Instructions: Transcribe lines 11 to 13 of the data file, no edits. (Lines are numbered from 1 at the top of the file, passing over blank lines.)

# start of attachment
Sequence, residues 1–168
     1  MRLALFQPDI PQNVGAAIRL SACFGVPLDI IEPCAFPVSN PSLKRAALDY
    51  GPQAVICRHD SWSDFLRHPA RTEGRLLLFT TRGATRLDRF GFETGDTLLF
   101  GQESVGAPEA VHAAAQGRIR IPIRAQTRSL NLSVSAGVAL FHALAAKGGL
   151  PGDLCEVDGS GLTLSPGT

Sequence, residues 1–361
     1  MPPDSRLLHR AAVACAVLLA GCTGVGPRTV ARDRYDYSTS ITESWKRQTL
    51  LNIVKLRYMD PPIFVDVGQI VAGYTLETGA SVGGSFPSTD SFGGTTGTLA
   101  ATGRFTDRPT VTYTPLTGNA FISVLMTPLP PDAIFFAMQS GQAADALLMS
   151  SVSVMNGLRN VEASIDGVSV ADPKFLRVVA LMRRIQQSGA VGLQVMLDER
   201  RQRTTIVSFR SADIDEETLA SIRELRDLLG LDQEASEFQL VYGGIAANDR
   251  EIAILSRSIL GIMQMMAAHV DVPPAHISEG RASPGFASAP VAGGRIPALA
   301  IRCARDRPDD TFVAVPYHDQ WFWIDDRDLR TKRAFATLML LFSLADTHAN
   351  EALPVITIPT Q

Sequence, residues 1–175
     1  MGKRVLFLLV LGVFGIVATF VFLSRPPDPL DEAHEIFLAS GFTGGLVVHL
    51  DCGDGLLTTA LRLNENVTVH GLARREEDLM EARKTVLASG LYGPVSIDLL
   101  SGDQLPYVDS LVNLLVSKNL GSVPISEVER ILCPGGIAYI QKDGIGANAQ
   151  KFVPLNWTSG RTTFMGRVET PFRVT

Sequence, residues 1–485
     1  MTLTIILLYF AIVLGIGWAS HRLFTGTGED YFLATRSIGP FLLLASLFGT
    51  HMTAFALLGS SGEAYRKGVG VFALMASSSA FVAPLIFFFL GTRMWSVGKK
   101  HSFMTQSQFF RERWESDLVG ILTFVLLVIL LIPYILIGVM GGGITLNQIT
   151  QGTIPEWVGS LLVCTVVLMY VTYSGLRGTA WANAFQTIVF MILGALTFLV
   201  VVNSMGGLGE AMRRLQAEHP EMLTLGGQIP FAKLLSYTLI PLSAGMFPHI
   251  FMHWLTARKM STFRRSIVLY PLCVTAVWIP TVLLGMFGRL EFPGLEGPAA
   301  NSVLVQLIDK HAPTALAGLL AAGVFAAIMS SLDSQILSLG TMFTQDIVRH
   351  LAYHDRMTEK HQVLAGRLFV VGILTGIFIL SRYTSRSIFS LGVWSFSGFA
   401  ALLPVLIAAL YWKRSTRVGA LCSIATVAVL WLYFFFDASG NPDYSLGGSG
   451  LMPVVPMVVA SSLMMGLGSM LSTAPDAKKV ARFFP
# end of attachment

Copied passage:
   201  RQRTTIVSFR SADIDEETLA SIRELRDLLG LDQEASEFQL VYGGIAANDR
   251  EIAILSRSIL GIMQMMAAHV DVPPAHISEG RASPGFASAP VAGGRIPALA
   301  IRCARDRPDD TFVAVPYHDQ WFWIDDRDLR TKRAFATLML LFSLADTHAN